Perhaps no initiative better illustrates Italy's confused coronavirus response than the 200-bed field hospital built in less than two weeks on the grounds of Milan's convention center.
The hospital was unveiled to great fanfare on March 31, the fruit of a 21 million euro ($23 million) fundraising campaign headed by Lombardy's governor, a member of the right-wing League party, to try to ease pressure on regional ICUs, which on that date were near capacity at 1,324 patients.
The national civil protection agency opposed the plan, arguing it could never equip it with ventilators or personnel in time. Instead, the agency, which reports to the rival 5-Star-Democratic government in Rome, preferred smaller field units set up outside hospitals and a program to move critical patients elsewhere.
In the end, the Milan field hospital was barely used, treating only a few dozen patients. Since it opened, Lombardy has seen pressure on its ICUs fall considerably, with just 700 people needing intensive care today.
Fontana, the governor, defended the decision and said he would do it again, telling Radio 24: "We had to ... prepare a dam in case the epidemic overcame the embankment."
Nursing home "massacre"
While the regional government was focused on building the field hospital and scrambling to find ICU beds, its testing capacity lagged and Lombardy's nursing homes were in many ways left to fend for themselves.
Hundreds of elderly have died in Lombardy and across Italy in what one WHO official has termed a "massacre" of those most vulnerable to the virus. Prosecutors are investigating dozens of nursing homes, as well as measures taken by local health authorities and the regional governments that may have worsened the problem.
Lombardy has more nursing homes than any other region, housing at least 24,000 elderly, and it registered more dead at those facilities than others too. Of the 3,045 dead from Feb. 1 to April 15 in the region, 1,625 were either positive for the virus or showed its symptoms, according to preliminary results from a survey by the Superior Institute of Health.
Of particular attention to prosecutors was the March 8 decision by the regional government to allow recovering COVID-19 patients to be put in nursing homes to free up hospital beds. The region says it required the homes guarantee the patients would be isolated, but it's not clear who was responsible to ensure that or whether anyone checked.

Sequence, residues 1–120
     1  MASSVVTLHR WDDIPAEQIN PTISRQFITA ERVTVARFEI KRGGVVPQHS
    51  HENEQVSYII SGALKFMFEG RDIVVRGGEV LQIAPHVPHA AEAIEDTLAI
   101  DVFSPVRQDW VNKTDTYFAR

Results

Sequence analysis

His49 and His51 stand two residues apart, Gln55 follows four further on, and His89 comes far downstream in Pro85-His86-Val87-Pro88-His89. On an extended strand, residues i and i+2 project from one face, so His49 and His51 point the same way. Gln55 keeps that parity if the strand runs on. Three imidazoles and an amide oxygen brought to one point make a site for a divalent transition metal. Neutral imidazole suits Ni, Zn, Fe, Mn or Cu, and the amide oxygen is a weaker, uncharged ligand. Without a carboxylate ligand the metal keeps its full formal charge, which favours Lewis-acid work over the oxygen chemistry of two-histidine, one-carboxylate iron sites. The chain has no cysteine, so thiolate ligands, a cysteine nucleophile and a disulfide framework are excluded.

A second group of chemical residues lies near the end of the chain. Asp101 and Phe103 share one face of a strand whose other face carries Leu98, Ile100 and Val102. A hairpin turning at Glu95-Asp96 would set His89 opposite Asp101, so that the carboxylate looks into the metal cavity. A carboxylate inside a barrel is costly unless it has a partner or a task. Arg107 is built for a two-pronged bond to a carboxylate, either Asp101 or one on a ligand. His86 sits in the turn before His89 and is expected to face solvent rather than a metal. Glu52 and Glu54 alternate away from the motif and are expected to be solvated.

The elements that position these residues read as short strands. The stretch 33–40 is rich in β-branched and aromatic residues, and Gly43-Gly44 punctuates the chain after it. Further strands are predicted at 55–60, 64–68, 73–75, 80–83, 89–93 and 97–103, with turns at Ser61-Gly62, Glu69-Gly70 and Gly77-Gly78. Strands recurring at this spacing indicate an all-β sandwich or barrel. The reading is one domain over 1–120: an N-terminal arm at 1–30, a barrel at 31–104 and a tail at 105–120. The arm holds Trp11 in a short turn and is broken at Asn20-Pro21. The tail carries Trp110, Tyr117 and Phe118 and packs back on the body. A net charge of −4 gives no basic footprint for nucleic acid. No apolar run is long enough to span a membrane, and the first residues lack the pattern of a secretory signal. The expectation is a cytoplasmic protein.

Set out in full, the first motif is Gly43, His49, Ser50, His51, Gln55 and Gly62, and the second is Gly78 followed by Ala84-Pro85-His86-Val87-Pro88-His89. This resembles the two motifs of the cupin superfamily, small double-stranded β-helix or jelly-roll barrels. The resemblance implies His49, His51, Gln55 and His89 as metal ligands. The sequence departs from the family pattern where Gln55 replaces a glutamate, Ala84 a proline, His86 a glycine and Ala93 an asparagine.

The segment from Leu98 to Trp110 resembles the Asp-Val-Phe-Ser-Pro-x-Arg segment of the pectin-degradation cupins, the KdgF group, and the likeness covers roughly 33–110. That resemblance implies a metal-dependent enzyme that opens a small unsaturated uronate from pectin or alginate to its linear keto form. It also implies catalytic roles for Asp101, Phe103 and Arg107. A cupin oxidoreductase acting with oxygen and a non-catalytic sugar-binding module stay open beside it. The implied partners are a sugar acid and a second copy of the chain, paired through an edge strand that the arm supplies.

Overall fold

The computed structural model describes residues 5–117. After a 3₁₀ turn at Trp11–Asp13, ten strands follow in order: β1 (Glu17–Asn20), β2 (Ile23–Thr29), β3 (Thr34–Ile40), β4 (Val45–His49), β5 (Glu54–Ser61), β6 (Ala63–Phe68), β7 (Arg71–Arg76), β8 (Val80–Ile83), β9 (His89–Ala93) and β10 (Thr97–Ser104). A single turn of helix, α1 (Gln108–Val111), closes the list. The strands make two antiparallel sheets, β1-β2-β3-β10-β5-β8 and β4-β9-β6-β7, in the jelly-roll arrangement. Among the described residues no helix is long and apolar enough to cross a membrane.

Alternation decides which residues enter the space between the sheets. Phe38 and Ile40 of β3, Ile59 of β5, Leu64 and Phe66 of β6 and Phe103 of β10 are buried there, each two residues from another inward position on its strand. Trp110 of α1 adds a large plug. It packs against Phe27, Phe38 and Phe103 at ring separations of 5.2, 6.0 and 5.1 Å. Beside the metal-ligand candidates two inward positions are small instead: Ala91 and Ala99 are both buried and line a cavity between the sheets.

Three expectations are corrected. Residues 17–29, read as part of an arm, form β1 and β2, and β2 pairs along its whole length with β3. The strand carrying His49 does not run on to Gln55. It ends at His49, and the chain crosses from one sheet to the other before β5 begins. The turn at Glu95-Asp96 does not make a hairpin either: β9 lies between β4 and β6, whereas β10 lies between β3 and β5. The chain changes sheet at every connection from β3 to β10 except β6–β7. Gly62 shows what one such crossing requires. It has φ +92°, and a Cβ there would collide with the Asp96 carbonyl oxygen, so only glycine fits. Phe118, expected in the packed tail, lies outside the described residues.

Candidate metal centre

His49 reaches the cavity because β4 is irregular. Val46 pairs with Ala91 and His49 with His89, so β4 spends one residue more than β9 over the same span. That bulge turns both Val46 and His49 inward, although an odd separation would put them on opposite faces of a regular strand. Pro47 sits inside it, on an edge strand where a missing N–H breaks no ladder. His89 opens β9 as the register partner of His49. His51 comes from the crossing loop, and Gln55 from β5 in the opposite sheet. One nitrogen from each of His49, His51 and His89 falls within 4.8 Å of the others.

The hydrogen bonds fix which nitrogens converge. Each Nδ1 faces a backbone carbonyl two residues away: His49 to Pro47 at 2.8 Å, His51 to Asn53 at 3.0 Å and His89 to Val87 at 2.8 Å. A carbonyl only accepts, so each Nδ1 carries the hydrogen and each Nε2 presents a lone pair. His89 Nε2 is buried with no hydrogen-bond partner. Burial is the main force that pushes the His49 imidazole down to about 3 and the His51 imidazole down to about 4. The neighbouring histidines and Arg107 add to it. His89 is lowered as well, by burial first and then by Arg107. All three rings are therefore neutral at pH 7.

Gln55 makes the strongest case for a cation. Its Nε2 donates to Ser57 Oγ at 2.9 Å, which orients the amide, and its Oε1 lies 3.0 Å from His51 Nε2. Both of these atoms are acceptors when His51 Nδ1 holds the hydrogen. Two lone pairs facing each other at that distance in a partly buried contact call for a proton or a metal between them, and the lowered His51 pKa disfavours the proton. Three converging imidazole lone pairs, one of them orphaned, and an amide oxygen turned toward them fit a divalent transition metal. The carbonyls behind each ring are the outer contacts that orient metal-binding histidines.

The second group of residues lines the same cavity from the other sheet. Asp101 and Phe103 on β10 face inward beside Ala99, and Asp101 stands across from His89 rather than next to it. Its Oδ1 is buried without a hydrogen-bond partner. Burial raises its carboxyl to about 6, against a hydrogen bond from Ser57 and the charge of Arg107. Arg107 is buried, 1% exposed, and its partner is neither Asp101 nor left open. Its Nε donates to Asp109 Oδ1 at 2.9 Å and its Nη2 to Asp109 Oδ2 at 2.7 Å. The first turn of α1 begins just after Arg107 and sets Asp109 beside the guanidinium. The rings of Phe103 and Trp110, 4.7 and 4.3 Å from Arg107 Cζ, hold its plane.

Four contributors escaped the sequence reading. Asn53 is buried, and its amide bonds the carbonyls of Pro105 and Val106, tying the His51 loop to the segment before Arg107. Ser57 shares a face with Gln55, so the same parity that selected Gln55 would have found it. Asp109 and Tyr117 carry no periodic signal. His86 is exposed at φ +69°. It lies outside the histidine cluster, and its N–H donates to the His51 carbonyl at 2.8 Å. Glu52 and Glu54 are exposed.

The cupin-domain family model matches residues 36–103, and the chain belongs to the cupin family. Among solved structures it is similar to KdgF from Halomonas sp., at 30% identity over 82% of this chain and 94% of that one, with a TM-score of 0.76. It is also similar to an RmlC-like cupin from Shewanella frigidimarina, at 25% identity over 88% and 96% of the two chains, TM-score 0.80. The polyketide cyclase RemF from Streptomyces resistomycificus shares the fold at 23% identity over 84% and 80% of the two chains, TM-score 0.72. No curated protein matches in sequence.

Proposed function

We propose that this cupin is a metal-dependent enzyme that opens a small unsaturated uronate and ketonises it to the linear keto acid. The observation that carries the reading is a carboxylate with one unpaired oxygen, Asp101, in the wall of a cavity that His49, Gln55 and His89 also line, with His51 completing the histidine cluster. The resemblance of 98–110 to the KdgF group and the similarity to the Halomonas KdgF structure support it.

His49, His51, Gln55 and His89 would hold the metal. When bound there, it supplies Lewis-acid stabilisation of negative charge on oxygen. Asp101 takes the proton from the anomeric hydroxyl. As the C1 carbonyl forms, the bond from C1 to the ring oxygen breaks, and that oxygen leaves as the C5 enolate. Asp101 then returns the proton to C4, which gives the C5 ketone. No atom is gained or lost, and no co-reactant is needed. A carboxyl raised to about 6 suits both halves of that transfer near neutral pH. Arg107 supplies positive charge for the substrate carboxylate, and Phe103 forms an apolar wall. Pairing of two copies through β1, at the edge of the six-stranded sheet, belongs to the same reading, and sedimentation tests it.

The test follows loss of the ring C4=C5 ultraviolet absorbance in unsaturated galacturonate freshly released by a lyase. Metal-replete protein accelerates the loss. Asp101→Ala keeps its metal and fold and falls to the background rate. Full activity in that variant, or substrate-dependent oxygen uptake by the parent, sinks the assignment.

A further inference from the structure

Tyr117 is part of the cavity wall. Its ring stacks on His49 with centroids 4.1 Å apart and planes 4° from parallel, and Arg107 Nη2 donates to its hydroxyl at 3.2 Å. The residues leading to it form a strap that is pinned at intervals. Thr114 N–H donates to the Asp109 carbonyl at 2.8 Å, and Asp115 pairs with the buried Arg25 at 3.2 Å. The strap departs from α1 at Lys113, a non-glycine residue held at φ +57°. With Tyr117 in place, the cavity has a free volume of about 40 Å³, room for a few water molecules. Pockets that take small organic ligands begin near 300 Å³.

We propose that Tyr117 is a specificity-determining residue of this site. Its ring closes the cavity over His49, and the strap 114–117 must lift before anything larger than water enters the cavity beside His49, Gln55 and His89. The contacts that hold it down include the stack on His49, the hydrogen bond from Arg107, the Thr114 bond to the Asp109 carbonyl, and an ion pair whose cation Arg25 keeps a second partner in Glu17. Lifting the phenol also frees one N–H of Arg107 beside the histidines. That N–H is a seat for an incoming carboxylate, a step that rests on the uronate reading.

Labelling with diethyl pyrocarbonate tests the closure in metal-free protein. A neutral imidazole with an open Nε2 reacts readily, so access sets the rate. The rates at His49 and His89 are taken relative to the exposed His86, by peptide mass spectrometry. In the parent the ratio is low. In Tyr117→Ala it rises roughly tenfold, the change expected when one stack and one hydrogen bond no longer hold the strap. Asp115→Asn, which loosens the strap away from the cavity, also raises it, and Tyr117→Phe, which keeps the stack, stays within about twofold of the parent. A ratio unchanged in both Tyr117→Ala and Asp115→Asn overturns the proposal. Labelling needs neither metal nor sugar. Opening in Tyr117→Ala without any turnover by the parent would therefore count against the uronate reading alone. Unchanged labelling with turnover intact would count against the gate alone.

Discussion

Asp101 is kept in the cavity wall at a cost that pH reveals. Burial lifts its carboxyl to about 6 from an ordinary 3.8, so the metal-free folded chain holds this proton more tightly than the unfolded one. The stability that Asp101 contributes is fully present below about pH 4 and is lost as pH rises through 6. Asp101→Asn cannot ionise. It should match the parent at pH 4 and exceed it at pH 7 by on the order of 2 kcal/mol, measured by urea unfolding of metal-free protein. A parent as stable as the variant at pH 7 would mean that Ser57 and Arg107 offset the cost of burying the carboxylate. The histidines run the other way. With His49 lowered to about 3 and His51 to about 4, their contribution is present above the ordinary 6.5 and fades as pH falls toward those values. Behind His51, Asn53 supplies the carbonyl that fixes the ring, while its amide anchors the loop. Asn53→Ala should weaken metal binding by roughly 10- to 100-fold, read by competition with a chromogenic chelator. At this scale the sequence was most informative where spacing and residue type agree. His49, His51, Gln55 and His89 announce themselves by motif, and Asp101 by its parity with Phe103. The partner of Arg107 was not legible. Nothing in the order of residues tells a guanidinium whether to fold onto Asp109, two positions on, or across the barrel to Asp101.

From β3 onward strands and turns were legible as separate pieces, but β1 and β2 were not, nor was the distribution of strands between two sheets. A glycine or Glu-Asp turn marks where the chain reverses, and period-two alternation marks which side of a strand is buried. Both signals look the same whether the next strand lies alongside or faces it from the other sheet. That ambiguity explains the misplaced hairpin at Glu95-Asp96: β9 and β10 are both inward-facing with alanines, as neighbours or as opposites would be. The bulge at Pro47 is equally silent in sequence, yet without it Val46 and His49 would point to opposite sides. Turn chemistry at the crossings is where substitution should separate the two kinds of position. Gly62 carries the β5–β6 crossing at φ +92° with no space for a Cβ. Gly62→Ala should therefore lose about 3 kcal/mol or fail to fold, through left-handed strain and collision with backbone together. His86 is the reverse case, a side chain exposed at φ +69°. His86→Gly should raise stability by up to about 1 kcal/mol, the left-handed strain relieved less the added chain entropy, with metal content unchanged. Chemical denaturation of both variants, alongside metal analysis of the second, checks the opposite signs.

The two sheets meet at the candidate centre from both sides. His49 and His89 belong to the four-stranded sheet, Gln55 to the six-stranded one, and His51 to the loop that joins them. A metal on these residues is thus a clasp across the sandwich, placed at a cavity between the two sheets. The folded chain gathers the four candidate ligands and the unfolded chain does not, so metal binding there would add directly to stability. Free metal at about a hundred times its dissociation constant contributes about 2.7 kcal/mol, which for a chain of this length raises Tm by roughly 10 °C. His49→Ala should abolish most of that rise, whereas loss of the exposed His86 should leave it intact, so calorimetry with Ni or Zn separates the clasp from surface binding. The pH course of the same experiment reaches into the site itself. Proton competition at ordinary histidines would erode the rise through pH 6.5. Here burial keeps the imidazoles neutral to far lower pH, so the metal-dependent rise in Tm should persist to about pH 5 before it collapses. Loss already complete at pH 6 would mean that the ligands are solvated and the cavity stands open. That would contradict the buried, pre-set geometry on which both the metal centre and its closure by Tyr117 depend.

Even before that, staff at some homes said management prevented them from wearing masks for fear of scaring residents.
A March 30 regional decree, again aimed at easing pressure on Lombardy's ICUs, told nursing home directors to not hospitalize sick residents over 75 if they had other health problems. The decree said it was "opportune to treat them in the same facility to avoid further risks of decline in transport or during the wait in the emergency room."
For the elderly at a nursing home in Nembro, one of the hardest-hit towns in Bergamo province, the decree amounted to a death warrant. But it wasn't the first or only one that gave the home's managers the sense that they were being abandoned.
When management proactively barred visitors on Feb. 24 to try to protect residents and staff from infection, local health authorities responded by threatening sanctions and a loss of accreditation for cutting off family visits, said the facility's new director, Valerio Poloni.
In the end, 37 of the 87 residents died in February and March. Its doctor, as well as Poloni's predecessor as director, also tested positive, were hospitalized and died. A nursing home resident couldn't get admitted to the hospital in late February because the ER was too crowded.
The facility's health director, Barbara Codalli, said she was told to use her existing resources to treat the sick. "The patient returned a few hours later, and a few days later the patient died," she told La7 television.
To date, none of the surviving residents has been tested. Poloni said tests were expected to begin in a few days. Two more residents died so far in April, but the situation seems under control.
"We are tranquil," he said.